DAILY MAVERICK WEBINAR
Ultra-processed foods — ubiquitous, unhealthy and hard to spot
A recent study in SA found that nearly 80% of packaged foods in our grocery stores are ultra-processed. They are everywhere, but they aren’t easy for us to identify.
‘Human beings have been processing foods for centuries… to make it last longer, to make it taste better. The ultra-processed food undergoes these really chemically heavy processes… Wheat or soy, which doesn’t have a lot of market value, you can’t really do a big markup on selling that sort of raw product.
“Companies come in and kind of manipulate chemically these foods to create really tasty but really bad for you, largely ready-to-eat… food products,” said Laura López González, a health journalist and editor, during a Daily Maverick webinar on Thursday.
González was discussing the importance of having warning labels on the ultra-processed foods that have saturated our grocery stores with Maverick Citizen journalist Zukiswa Pikoli and Makoma Bopape, a lecturer at the University of Limpopo’s Department of Human Nutrition and Dietetics.
A recent study in SA found that nearly 80% of packaged foods in our grocery stores are ultra-processed.
They are everywhere, but aren’t easy to identify.
“As a journalist coming into this topic… really being the average person… I don’t read nutrition labels. I can’t read them very well. I buy out of habit. I take probably seconds to make the purchases that I’m making at the store,” said González, describing what must be a typical consumer experience.
But, as González discovered, and describes in a Daily Maverick article, ultra-processed foods are “cheap food loaded with fat, salt and sugar that allow companies to turn big profits”.
Health industry experts are trying to push for warning labels so consumers know what they are buying.
Pikoli said that researchers and the health department are looking into strategies that can be put in place to assist consumers in easily identifying ultra-processed products.
She explained that front-of-package warning labels are designed to warn consumers that ultra-processed foods have added salt, saturated fats, sugars and non-sugar sweeteners, to make it easier for consumers to identify unhealthy products.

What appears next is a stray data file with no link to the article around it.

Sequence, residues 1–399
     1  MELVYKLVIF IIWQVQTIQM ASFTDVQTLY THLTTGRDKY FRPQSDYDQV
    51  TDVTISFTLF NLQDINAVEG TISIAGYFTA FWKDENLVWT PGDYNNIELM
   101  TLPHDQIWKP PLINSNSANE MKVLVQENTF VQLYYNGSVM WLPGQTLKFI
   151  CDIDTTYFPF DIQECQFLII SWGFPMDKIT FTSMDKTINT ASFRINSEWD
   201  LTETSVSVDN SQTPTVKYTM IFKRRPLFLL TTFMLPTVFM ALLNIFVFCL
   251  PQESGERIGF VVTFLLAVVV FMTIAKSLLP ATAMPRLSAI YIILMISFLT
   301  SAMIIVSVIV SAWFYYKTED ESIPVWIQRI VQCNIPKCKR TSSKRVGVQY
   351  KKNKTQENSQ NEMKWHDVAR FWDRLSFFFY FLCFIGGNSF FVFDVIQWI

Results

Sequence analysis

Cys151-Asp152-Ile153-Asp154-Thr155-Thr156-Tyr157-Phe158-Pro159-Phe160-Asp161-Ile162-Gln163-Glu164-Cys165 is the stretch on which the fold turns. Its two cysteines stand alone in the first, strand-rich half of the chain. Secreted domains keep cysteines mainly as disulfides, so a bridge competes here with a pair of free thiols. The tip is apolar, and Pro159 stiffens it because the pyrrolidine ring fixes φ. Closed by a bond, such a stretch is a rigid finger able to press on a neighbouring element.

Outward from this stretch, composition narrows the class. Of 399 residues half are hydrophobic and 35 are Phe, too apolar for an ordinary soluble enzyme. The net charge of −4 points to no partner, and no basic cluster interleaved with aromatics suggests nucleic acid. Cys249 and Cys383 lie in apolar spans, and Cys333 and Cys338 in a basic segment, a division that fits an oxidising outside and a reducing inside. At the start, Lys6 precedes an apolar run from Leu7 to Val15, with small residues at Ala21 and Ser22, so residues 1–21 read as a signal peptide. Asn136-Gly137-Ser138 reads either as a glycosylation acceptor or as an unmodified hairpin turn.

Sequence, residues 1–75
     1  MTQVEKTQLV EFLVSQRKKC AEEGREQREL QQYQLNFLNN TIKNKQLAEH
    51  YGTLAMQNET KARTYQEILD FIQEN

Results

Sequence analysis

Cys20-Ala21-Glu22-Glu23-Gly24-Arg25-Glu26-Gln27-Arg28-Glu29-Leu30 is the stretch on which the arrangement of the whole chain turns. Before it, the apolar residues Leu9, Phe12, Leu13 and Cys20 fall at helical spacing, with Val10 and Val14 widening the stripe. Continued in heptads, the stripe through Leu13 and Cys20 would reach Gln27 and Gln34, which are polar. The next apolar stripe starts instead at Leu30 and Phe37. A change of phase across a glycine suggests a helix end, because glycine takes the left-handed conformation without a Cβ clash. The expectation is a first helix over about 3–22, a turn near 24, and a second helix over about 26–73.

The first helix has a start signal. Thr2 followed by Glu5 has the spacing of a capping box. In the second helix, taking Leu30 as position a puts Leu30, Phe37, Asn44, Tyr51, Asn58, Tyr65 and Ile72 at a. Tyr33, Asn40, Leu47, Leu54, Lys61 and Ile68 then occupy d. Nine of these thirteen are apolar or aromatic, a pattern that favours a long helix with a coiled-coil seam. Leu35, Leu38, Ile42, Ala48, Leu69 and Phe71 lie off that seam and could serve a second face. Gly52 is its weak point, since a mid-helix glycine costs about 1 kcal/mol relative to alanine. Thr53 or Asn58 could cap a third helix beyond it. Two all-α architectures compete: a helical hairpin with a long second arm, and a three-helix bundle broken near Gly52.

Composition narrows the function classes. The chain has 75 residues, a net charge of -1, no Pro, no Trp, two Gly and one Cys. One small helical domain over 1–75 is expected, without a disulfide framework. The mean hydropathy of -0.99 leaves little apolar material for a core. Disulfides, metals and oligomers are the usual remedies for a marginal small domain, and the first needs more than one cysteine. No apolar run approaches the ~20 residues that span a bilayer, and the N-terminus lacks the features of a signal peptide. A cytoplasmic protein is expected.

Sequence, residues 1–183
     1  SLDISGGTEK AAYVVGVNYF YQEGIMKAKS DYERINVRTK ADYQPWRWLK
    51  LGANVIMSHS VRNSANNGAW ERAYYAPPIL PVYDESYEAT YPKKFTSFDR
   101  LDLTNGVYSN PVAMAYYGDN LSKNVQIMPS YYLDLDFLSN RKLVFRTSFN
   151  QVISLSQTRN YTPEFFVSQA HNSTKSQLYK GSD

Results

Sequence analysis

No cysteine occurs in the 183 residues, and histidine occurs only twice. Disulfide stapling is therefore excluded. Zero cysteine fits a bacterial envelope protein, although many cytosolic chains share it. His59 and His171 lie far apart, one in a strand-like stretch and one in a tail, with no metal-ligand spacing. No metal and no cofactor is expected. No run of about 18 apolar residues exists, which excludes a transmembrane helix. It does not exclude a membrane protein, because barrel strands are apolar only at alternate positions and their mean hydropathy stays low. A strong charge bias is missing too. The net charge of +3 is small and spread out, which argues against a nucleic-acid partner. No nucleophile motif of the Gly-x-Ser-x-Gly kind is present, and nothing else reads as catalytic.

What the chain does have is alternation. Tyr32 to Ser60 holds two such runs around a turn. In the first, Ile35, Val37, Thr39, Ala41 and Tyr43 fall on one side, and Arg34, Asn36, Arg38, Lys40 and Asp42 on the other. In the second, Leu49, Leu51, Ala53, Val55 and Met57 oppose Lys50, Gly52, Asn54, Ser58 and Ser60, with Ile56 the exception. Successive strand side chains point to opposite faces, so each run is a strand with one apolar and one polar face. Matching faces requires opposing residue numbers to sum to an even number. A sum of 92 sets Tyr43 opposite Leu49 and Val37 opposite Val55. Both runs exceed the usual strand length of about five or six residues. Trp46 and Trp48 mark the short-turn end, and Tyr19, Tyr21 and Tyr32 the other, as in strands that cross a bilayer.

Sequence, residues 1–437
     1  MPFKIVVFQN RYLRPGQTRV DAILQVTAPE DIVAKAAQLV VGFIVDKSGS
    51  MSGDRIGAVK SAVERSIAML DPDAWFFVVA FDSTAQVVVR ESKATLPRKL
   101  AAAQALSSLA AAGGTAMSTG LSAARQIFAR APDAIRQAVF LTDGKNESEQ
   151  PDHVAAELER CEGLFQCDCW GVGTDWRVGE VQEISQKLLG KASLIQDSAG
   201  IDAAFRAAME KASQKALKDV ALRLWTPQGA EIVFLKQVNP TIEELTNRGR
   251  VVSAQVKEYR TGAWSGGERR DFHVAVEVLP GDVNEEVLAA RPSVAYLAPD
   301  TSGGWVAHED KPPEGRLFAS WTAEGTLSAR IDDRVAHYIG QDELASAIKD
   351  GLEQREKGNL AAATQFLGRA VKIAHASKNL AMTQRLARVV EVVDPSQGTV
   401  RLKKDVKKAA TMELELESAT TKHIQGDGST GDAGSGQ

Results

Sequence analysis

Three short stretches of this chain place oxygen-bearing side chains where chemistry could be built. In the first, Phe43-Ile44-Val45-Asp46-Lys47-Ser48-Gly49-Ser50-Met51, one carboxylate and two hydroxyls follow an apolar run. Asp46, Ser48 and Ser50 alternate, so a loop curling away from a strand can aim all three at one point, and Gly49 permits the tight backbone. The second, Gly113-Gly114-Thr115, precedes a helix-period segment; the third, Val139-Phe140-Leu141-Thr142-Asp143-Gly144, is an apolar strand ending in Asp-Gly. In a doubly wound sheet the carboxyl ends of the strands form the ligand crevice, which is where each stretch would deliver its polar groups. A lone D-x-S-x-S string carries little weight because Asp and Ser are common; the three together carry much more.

These labels have simple pictures or icons that are easy to understand.
“Several studies have been conducted in countries like Mexico, like Chile, and it has been found that compared to other forms of front-of-packet labels, consumers tended to understand nutritional information better when they use these labels as compared to other front-of labels.”
In South Africa, which has a high prevalence of diabetes and hypertension and where cardiovascular disease is increasing, this type of warning is highly justified.
What has led to this?
Pikoli said consumers are driving the demand for ultra-processed foods.
“If you look at what is happening nowadays, because of urbanisation, because people are busy, because income levels are increasing, it becomes more convenient to quickly go for a packaged product, to go for something that will be ready to prepare.”
And because South Africa doesn’t have a mandate for a warning label or mandatory label that dictates to the industry what qualifies as unhealthy, it is easy to produce what consumers spend money on.
González said that the low cost of ultra-processed food is also a contributing factor. Research has shown that mothers have found their choices constrained because they cannot afford healthy food.
A solution to this might be to subsidise whole foods — the good stuff.
“I think people get really caught up in what the latest nutritional guidance is,” said González.
“Nutritional advice really hasn’t changed in decades. If you eat more whole foods, that’s better for you. And it sort of works in the industry’s favour to kind of confuse us all the time. But I think that, obviously, whole foods right now are very expensive.” DM
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